Uh oh, you are using an old web browser that we no longer support. Some of this website's features may not work correctly because of this. Learn about updating to a more modern browser here.

Skip To Content

There are no jobs, there is no money!

I have friends looking for jobs in London, the US, and India. “There are no jobs, there is no money!” I hear them say. The market is down. They meet up over a coffee or a lunch somewhere to discuss it. Or take a break to travel the world. Their savings will last them through the downturn. But, there are thousands of children living on the very edge of survival in Mongolia and in other poor countries of the world, who don’t.

Purevsuren, a mother of five, said to me, “Although we are not homeless right now, we could become homeless very easily. My job may or may not last. Everything is so expensive these days.” She has no money for contingencies. Families like hers have to cut back on basic things – like education, warm clothes and heating, and food.

I went into a tiny, wooden dwelling earlier this week. There was very little space, and it was so dark inside, that you couldn’t tell it was morning outside. Or even that it was freezing. There was smoke everywhere. The indoor stove was both the cooker and the heater. Anudari, two, was listless. Her eyes stared blankly at me. I could see how confined her life was, how little nourishment and stimulation she had. Her parents were unemployed. Her father listed off the money he could get from the government for looking after his children. Her mother was expecting another baby.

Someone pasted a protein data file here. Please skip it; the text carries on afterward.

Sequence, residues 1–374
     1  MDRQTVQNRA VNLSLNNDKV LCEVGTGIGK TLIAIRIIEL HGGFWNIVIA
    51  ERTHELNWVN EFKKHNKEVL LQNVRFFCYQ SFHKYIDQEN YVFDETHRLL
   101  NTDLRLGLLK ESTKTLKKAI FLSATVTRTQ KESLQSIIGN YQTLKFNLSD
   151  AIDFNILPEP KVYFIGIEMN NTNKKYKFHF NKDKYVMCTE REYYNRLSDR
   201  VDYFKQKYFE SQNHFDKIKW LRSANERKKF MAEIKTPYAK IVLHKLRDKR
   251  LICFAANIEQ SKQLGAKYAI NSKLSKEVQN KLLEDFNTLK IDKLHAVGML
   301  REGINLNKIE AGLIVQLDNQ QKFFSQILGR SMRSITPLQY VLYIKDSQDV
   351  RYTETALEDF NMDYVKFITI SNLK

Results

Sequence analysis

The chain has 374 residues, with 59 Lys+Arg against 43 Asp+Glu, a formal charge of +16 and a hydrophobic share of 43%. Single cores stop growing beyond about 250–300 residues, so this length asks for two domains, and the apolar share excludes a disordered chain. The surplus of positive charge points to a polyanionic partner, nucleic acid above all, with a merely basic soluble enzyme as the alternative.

Anudari’s sister Budgerel was living in a state-run institution. Only six, she has to cross a yard, in well-below freezing temperatures, to get to the toilet. But she was bathed, and fed and was learning something every day. It’s easy to think of an institution as the “answer” for kids like Budgerel and Anudari. But, tackling the problem at its roots means fixing their parents’ lives, giving them an opportunity to earn a living, improve their living conditions and become more capable of looking after their own children.

I am headed home from Mongolia, now. I’ll tell my family stories about the cold. How my fingers nearly fell off trying to work a camera at minus twenty or something. I’m going to have to find a way to tell them, without scaring them, just how desperate things are. That I am afraid for Anudari and Budgerel and for other children like them. Will they become casualties of the global economic downturn? Will their lives amount to just another statistic?

Share this article